Bank explains small steps Britons can take which could ‘add up to big money savings’

Martin Lewis offers advice on savings and interest rates

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It is incredibly tempting to overspend when one’s bank account has a few more digits than normal, but this payday splurge can result in empty pockets just three weeks later. Clare Framrose, Head of Propositions Design, Savings & Banking at Atom Bank spoke exclusively to about her top four saving tips to help people make their money go further.


“One of the best ways to avoid overspending is to divide up your wage as soon as it comes in,” Ms Framrose commented.

“Set aside the money you need to cover your bills and essentials and then split the rest between short-term, easy to access savings in an Instant Saver account, and long-term savings in a Fixed Saver account, which will benefit from a higher interest rate.

“The money that’s left can go into a pot for spending on whatever you want.”

Ms Framrose continued: “Research we conducted found that 75 percent of Brits believe that saving £1,000 would actually make them happier than spending £1,000 and that 69 percent of self-confessed ‘spenders’ have experienced post-spending guilt.”


jars filled with money on a window sill

Separate savings into different ‘savings pots’ depending on what they will be used for (Image: GETTY)

Create financial goals

“To reduce the temptation of unnecessary purchases and make your money go further, focus on a future goal that saving your money could lead to.

“Whether that’s saving up for a well-deserved holiday or taking a step towards saving for a mortgage, aim for a future reward over instant gratification to avoid impulsive spending.”

A person’s financial goals can be split up into short, medium and long-term depending on what it is and how much it costs, providing them with the ability to keep looking toward the future and mitigating the temptation to spend right now.

Additionally, creating different ‘saving pots’ for all these goals has its benefits too, the savings expert suggested, as once that money is no longer readily available at the swipe of a card, there’s less temptation to spend it.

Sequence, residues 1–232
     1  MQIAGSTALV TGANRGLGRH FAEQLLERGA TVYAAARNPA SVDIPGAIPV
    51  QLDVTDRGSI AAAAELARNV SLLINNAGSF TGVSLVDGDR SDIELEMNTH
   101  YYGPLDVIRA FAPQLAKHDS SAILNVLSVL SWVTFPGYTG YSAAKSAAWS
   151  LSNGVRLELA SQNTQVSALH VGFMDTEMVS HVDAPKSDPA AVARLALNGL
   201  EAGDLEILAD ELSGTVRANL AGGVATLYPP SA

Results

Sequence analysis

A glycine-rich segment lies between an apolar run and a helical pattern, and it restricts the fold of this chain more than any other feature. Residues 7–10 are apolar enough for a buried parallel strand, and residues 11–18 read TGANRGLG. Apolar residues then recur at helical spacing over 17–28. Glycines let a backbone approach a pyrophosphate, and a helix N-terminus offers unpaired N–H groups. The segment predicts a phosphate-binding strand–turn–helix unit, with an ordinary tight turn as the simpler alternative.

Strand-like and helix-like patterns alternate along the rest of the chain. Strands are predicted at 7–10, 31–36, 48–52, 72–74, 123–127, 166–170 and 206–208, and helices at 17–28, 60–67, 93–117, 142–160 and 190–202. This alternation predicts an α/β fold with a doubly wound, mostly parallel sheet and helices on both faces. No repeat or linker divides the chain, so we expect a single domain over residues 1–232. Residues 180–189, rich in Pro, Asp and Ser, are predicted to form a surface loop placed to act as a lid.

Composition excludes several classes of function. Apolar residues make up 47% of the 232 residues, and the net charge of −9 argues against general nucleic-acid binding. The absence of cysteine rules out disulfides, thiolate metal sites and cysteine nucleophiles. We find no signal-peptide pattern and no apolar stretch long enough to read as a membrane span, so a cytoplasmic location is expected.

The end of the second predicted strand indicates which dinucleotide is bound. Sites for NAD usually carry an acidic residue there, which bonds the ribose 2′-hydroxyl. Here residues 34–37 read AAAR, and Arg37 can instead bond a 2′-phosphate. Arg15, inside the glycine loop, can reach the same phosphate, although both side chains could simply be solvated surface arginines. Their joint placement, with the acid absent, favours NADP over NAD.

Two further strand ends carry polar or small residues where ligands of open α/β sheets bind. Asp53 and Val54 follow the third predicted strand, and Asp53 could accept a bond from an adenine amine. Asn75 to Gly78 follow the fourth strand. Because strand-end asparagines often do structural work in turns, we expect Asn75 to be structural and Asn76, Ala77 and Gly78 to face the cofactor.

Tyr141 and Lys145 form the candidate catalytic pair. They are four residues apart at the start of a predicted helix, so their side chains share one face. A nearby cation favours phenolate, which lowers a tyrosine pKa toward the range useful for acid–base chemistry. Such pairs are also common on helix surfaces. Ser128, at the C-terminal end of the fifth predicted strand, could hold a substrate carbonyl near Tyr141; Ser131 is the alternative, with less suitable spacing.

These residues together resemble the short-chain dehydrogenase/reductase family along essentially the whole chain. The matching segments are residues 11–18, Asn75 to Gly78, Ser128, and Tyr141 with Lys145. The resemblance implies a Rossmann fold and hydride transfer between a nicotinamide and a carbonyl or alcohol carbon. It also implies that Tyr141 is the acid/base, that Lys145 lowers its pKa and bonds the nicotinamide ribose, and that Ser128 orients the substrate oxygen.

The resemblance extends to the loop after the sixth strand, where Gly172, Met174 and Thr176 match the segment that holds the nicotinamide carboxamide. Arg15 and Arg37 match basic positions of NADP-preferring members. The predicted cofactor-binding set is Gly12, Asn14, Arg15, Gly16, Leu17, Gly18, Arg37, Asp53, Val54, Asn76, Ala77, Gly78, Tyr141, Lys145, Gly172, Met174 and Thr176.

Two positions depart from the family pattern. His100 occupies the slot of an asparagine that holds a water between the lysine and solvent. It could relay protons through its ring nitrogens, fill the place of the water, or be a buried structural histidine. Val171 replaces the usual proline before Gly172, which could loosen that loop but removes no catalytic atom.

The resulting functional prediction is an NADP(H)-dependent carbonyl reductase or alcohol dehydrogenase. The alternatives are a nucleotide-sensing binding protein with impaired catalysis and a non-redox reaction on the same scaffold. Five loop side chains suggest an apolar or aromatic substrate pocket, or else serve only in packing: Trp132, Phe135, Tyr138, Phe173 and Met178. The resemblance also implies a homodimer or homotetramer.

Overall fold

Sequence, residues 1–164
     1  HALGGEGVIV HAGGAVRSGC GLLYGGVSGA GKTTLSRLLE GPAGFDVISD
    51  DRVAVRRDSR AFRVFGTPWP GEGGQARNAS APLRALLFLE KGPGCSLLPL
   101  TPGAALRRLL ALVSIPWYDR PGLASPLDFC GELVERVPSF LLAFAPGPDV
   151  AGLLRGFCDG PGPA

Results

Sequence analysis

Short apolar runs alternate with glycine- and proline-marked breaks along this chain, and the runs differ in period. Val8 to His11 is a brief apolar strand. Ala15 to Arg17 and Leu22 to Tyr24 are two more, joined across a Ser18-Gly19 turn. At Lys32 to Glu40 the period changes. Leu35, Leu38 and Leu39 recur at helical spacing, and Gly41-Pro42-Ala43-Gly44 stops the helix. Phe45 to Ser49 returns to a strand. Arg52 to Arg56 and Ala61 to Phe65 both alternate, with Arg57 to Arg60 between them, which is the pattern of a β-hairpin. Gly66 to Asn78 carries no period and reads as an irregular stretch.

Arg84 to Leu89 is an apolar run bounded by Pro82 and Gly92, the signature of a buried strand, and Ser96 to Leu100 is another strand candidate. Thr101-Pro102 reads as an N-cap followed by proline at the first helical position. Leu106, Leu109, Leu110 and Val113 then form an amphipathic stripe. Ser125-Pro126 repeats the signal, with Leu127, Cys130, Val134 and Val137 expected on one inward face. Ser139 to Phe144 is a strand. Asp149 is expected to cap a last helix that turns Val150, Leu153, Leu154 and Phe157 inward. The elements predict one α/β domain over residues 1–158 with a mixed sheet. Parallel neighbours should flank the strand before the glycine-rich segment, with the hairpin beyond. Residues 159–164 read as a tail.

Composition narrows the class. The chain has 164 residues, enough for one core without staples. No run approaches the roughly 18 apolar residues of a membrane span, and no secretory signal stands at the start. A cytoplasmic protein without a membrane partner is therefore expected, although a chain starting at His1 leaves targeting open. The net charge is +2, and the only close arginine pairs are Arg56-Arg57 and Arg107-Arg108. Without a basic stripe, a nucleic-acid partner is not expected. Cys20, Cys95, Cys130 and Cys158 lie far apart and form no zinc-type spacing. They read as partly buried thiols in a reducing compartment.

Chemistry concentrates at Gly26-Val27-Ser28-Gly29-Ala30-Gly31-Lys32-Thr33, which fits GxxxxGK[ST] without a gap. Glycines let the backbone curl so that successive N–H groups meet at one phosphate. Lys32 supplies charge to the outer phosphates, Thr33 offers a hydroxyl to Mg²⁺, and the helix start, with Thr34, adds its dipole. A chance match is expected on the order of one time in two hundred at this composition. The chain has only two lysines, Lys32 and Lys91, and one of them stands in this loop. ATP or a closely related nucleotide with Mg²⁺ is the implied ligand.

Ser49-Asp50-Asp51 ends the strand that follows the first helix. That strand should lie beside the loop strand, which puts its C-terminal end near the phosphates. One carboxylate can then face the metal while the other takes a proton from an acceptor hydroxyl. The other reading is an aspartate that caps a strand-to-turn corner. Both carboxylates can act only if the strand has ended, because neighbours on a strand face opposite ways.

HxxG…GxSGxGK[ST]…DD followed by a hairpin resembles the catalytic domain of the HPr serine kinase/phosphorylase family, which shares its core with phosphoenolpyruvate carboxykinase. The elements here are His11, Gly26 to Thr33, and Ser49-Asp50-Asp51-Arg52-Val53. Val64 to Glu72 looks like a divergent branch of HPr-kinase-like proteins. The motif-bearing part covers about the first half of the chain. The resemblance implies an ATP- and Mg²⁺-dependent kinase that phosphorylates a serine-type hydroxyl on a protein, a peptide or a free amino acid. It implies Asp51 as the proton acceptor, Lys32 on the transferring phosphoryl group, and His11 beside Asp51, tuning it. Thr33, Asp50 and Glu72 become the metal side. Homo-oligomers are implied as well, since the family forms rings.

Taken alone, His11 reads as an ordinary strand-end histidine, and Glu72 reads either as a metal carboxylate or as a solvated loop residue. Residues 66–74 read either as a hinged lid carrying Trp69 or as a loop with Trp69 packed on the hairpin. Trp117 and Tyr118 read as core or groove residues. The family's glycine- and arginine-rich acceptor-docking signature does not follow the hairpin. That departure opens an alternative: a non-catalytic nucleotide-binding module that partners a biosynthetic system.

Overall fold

Impulsive behaviour

Impulse buying is no longer a phenomenon restricted to delicious smelling baked goods or shining displays in shop windows, and online impulse buying can often come with a higher price tag.

“Browsing your favourite online sites when you’re tired at the end of a stressful week of work, or after a couple of glasses of wine, can lead you to make purchases without fully thinking them through,” Ms Framrose said.

“Be mindful of only shopping when you feel fully alert and rested and for added benefit, get into the habit of taking the time to mull a purchase over for at least a few hours before heading to the virtual checkout.

“Wait a week before purchasing something over £75, it allows you time to think over the purchase and reduce impulsive buying,” she concluded.

coins stacked next to a lightbulb

Save on energy consumption by using natural heating and cooling systems as often as possible (Image: GETTY)

Energy Savings

It goes without saying that energy consumption and one’s carbon footprint is a far more common topic in the average household today than it was 50 years ago, yet ideas on how to save money and reduce unnecessary energy consumption are not as common.

As Ms Framrose explained: “Sustainability is a huge concern for our generation and it’s a major factor in people’s spending habits.

“In the summer, make sure heaters aren’t left switched on to ensure energy isn’t being wasted,”

Ms Framrose continued:  “Open your windows on warm nights rather than using a fan and opt for natural lighting to save those pennies as well as the environment.

“In the winter months, pop on a hoodie rather than turning on the heating to stay warm.

“Make sure all of the gaps in your windows and doors are sealed to avoid heat loss and grab a thicker duvet rather than an electric blanket.

“These small steps make a big difference for the environment and a more conscious attitude towards energy consumption will add up to big money savings that you can add to a savings pot each month which will quickly build up,” she added.

Roy Walsh

Roy Walsh

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